I’m quite a fan of the following book: Math Doesn’t Suck, by Danica McKellar.  I wrote a brief book review here. The book was written for Middle School girls, and it’s purpose was to walk girls through some basic pre-algebra concepts and provide examples that demonstrate that girls can master and do quite well in math.  I also liked the stories included in the book that featured young women who discovered entered fields where they used their mathematical know-how in their careers. Plus, Ms. McKellar is a great role model for young women pursuing careers in Mathematics, besides having an active career in Hollywood,  she continues to be an advocate for Mathematics education and achievement for girls and women. It looks like she’s authored another book called Kiss My Math.  I love it when women have an ‘attitude’ about their smarts.

More about Hedy Lamarr:

More about Danical McKellar:

*My own daisies need re-watering every now and then.

It hurts to think… but it’s still rewarding

I’m just babbling… so you’ll have to excuse me. I haven’t been writing in my blog lately, because I’ve actually been finding journal writing (on paper) a little more satisfying. Maybe it’s because no one hears what I’m saying. No, I’m serious about that.  Sometimes it feels better to let oneself go on uncensored. Also, I find that sometimes it’s the best way for me to work things out before I’m ready to share them with others.

You may have noticed from my last post that I’m a bit obsessed with two subjects. Change and time (sub interest = resistance to change).  I wonder if I will start to develop a crusty or curmudgeonly gait as I grow older. Sometimes it feels like the world around me resists change… despite the growing impetus for change.  Sometimes it feels that it’s all too easy to confuse people because of their dependency on technology for information… and their immediate need for information. Media is simply a teat from which we feed our incessant hunger. Just change the filter or introduce a slightly different brew or concoction into the bottle and people will react accordingly. From the past century to the present, fear seems to be the most effective ingredient. If you want people to act or ‘not to act’ simply make them afraid of an enemy or impeding crisis. If you don’t want them to panic in the event of a crisis, such as economic one, simply downplay the seriousness of the problem… or even deny that it exists.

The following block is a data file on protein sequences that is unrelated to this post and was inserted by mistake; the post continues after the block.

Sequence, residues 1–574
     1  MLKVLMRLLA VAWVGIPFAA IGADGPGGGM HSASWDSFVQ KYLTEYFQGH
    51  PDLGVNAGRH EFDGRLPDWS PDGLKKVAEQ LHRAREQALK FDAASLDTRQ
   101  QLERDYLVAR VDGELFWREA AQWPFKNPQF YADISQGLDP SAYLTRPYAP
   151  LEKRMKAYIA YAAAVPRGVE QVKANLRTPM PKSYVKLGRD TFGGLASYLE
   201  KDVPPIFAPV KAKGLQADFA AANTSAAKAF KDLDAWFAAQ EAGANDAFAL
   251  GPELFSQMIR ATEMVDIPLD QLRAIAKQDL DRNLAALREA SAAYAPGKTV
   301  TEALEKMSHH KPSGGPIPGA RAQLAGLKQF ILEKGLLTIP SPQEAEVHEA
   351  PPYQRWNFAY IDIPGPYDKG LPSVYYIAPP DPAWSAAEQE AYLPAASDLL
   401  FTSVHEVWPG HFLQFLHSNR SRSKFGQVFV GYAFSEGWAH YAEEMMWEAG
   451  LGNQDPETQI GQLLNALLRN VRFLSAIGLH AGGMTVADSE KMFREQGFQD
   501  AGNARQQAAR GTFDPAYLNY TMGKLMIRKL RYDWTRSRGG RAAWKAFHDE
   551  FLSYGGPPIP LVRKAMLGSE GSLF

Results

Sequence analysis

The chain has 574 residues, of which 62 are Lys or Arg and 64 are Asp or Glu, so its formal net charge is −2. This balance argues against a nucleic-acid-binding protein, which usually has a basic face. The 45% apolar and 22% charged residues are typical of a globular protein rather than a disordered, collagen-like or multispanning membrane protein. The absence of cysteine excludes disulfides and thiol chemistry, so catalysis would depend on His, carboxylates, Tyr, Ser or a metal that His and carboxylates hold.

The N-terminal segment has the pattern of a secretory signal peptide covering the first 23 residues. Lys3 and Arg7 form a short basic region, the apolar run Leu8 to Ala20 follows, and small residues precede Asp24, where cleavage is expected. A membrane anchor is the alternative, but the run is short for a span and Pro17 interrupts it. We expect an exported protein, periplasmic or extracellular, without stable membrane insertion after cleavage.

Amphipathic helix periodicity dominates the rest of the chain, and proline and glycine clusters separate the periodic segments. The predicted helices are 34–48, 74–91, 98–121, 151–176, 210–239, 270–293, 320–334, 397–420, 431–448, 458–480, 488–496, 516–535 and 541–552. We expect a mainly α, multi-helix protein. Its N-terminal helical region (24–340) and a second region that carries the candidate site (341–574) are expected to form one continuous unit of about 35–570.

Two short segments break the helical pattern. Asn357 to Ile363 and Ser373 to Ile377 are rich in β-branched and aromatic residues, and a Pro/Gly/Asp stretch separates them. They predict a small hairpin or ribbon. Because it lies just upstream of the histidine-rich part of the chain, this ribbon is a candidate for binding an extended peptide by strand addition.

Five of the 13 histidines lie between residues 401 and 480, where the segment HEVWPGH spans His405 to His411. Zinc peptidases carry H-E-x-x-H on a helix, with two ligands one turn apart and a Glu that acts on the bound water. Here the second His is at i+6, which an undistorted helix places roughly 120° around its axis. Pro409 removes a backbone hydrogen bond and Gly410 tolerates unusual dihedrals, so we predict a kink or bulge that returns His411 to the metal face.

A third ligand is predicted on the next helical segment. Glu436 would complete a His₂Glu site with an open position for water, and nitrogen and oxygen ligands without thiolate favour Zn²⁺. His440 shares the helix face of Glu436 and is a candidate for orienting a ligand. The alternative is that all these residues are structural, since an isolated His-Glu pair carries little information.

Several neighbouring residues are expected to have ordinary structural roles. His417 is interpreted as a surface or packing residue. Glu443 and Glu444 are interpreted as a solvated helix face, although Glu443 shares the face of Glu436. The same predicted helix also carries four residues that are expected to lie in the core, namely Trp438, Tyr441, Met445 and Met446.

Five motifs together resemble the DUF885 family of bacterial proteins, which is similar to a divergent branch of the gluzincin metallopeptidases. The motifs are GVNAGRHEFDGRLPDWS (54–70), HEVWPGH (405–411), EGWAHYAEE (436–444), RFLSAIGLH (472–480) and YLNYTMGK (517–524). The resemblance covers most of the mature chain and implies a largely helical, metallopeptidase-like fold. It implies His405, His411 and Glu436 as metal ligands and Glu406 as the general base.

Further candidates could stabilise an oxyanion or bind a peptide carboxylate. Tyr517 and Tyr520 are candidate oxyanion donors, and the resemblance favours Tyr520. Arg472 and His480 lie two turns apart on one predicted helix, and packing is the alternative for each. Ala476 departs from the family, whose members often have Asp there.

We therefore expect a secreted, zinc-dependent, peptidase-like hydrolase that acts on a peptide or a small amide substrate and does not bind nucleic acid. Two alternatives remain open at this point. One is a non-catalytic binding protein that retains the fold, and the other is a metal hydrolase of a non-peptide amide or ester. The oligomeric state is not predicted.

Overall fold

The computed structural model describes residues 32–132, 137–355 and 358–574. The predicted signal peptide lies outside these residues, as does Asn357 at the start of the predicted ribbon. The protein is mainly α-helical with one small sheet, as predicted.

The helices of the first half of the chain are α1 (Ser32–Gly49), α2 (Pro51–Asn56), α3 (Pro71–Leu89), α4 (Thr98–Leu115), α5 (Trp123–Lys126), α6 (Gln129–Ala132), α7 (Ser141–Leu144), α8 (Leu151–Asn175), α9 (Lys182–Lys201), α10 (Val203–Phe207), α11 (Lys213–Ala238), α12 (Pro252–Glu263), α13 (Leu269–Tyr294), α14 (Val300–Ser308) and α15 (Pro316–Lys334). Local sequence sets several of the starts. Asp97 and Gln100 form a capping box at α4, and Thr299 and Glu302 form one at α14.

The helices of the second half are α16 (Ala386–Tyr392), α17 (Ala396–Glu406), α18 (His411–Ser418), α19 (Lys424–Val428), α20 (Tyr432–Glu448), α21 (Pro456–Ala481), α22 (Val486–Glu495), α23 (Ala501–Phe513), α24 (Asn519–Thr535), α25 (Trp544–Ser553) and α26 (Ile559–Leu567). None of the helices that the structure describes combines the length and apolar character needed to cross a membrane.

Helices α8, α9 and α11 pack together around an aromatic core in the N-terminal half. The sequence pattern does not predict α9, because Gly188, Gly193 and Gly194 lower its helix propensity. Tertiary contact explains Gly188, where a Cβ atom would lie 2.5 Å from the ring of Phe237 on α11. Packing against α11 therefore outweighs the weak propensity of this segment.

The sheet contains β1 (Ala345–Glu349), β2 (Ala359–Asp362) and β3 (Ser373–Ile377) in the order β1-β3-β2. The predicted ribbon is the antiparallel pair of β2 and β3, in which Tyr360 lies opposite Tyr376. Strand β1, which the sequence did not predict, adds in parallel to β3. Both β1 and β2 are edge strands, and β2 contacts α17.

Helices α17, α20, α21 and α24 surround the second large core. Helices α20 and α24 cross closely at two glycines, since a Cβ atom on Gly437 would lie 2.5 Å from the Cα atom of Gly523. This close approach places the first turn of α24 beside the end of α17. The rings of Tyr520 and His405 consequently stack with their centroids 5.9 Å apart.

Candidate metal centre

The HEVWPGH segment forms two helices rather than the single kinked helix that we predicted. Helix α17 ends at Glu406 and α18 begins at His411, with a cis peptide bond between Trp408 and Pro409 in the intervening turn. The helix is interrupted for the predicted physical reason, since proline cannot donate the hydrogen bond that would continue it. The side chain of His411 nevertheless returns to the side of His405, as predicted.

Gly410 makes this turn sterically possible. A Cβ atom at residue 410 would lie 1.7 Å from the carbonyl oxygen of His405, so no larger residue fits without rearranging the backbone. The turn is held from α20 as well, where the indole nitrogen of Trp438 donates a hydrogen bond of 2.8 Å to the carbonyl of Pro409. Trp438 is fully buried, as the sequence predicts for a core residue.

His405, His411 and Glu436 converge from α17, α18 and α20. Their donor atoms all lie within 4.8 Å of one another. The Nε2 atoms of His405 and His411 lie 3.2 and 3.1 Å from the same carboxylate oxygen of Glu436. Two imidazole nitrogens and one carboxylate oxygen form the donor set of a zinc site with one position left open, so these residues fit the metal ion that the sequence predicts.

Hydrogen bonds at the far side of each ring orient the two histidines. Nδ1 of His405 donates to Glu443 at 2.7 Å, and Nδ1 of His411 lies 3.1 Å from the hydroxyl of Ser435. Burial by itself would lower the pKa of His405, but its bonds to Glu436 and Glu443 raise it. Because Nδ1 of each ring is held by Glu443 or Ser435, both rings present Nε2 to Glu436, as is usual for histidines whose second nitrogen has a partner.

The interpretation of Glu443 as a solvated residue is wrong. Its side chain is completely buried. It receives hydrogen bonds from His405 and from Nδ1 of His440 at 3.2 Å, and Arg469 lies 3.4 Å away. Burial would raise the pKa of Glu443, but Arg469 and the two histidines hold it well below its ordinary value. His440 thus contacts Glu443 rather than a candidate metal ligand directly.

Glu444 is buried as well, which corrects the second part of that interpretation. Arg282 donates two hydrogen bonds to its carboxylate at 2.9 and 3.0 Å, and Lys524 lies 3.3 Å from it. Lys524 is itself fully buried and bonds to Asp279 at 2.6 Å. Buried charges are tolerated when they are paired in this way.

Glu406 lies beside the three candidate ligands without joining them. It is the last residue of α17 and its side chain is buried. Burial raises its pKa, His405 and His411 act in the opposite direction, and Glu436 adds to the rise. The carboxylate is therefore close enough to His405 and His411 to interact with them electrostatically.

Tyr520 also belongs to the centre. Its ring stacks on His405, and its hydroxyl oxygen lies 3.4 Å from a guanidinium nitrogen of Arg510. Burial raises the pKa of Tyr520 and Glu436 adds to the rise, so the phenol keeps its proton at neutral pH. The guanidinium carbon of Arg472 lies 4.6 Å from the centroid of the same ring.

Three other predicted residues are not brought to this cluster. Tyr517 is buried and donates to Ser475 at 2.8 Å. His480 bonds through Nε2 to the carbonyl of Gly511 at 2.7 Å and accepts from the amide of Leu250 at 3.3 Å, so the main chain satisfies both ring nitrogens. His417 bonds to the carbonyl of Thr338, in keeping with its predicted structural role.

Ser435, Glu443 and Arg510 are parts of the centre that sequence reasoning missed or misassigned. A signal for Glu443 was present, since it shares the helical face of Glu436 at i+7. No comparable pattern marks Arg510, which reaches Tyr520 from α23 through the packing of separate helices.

Is it only my perception, but does it seem that people just swallow these happy pills without question? I have to wonder too how easily people are swayed by what they hear even though many proclaim themselves to be cynical about the News. Sometimes I think that sharing of poll results can have an effect on the rest of the public who did not participate in these polls. They can either give us a false sense of security that our beliefs are shared by everyone, or they can dishearten us by convincing us that we are truly alone or so small in number that any hope of finding commonality with others is hopeless.

When people say that building a truly educated and enlightened society is impossible. I simply look at children and remember that most children have the ability (maybe not the opportunity) to be ‘smart.’  I listened to a Smart City podcast called Green Buildings and Smart Children not to long ago that featured Jeff Howard, head of the Efficacy Institute, which states as their goal that” The central objectives of our work are: to build belief that virtually all‘ children can ‘get smart;’ and to build the capacity of adults to set the terms to help them do so.” Some children need less help than others, but something tells me that it’s to our advantage to make sure that people ‘get smart.’ Hmmm… less problems with financial investments, better health that doesn’t tax the healthcare system, better living choices, better income … I think these arguments and many others have been made countless times in the past. I wonder what prevents us from moving forward?